27 October 2011

ASX calls for submissions on reforms to Aussie resource reporting

The ASX has asked for submissions on proposed reforms to resource reporting in an aim to harmonise Australian reporting requirements with international best reporting practice, enhance access to capital and reduce costs.

The proposed reforms will affect the internal work listed companies must do to support disclosure and how disclosure is made.

The paper covers two areas:
  • Part A – mining companies, looks at enhancing disclosure of exploration information, Mineral Resources, Ore Reserves and associated production targets by reference to international reporting requirements and reporting issues identified in the Aussie market.
  • Part B – oil and gas companies, looks at promoting consistency and confidence in reporting of petroleum reserves, other petroleum resources and related production targets by adopting standardised technical definitions, a petroleum resources classification system and updated general reporting requirements.
Aussie mining and oil and gas companies have until 27 January 2012 to comment on these proposed reforms.

Interestingly, the Australasian Joint Ore Reserves Committee (JORC) has cited an inability by the ASX to reach an agreement with JORC in respect of a joint paper. As a result, JORC will release its own issues paper in respect of the JORC Code. Mining companies should make separate submissions to both the ASX and JORC.

For a full copy of the paper go to http://www.asxgroup.com.au/media/PDFs/ASX_LRs_Review_Issues_Paper_mining_and_oil_gas_reserve_and_resource_reporting_20111005.pdf

21 October 2011

Double edged sword of E&R boom

Last night Freehills hosted 80 guests from the energy & resources industry at a Gala Dinner preceding the AMPLA Conference, with Key Note Speaker Shadow Minister for Energy & Resources, the Hon. Ian Macfarlane outlining the double edged sword of prosperity and scrutiny that is influencing Australian E&R. Prosperity in the form of projects totalling over “$300b in the pipeline” versus domestic and international scrutiny. “Now is the time to make the most of the boom,” he said, reflecting on increases in employment in his local electorate due to the coal seam industry. “E&R has come of age” as now the community are witness to the revitalisation of regional Australia. 

Macfarlane spoke of the responsibility of ensuring everyone is a beneficiary of these prosperous times falls on Government to “get it right… involve those participants not directly involved,” and called for co-operation and co-existence with farming and manufacturing in his address, stating that the Coalition would ensure that no tariffs would hinder these industries allowing for greater benefit from co-operative projects.

However, it was not all positive with Macfarlane reflecting on Australia’s current political dynamic with a Green controlled Gillard Government at the helm the carbon tax that will be passed by Christmas. But the political banter was to be expected and did not overshadow the engaging address.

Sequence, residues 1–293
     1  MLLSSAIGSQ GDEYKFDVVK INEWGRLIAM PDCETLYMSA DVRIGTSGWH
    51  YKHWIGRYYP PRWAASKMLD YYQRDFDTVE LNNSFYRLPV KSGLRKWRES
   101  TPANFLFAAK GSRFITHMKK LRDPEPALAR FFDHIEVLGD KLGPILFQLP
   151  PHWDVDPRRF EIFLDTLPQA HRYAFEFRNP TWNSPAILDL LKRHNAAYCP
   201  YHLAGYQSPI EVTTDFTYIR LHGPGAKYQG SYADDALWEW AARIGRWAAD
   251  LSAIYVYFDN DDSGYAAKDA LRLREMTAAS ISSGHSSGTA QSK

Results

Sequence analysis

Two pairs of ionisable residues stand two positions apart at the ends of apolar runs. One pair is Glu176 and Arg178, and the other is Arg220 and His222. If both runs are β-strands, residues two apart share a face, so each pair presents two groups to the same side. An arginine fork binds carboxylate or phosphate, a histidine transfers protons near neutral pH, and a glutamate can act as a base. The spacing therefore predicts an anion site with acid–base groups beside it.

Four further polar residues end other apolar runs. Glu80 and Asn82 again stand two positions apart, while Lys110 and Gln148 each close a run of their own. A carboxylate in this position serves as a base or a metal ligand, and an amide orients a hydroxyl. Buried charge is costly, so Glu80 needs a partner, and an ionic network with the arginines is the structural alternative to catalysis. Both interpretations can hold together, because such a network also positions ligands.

Macfarlane affirmed the Coalition’s intention to repeal the Carbon Tax and any Mineral Resource Rent Tax, stating that the Coalition’s policy is that such taxes will stifle the current boom by placing Australian E&R in an un-competitive position, compared to Africa and South America. The speculation of the future remains, however when questioned over the current stability of foreign investment he was more direct, admitting confidence was destroyed and investors spooked by “weird things”, such as the ousting of Rudd, condensate tax on North West Shelf producers, failed super profits, and now the carbon tax. “if we were to win…the fix would not be quick and would take 10 years to recover.”

The elephant in the room was the timeframe and process of unwinding the taxes.

The final insight was the notion of a sovereign fund. Macfarlane argued that it is irresponsible for Labor to immediately spend the proceeds from the mining taxes. He would like to see a sovereign fund raised from the “unusual amounts” provided by the boom to be retained and grow from the interest rather than being spent. Though he stressed that a sovereign fund is not a Coalition policy. 

Macfarlane concluded that the end of the boom would one day come, and would require action to secure prosperity 20 or 30 years down the track. 

However, it remains uncertain as to exactly what a successful Coalition would do.

As noted by Business Spectator’s Robert Gottliebsen in his column this morning, the mood of the night was buoyant. Freehills would like to sincerely thank the Hon. Ian Macfarlane for his insightful address.

Your comments are most welcome.
Keynote speaker the Hon. Ian Macfarlane.

Business Spectator’s Robert Gottliebsen quizzing Macfarlane during question time.
Freehills’ Mining Industry Lead Partner, John Tivey with keynote speaker the Hon. Ian Macfarlane.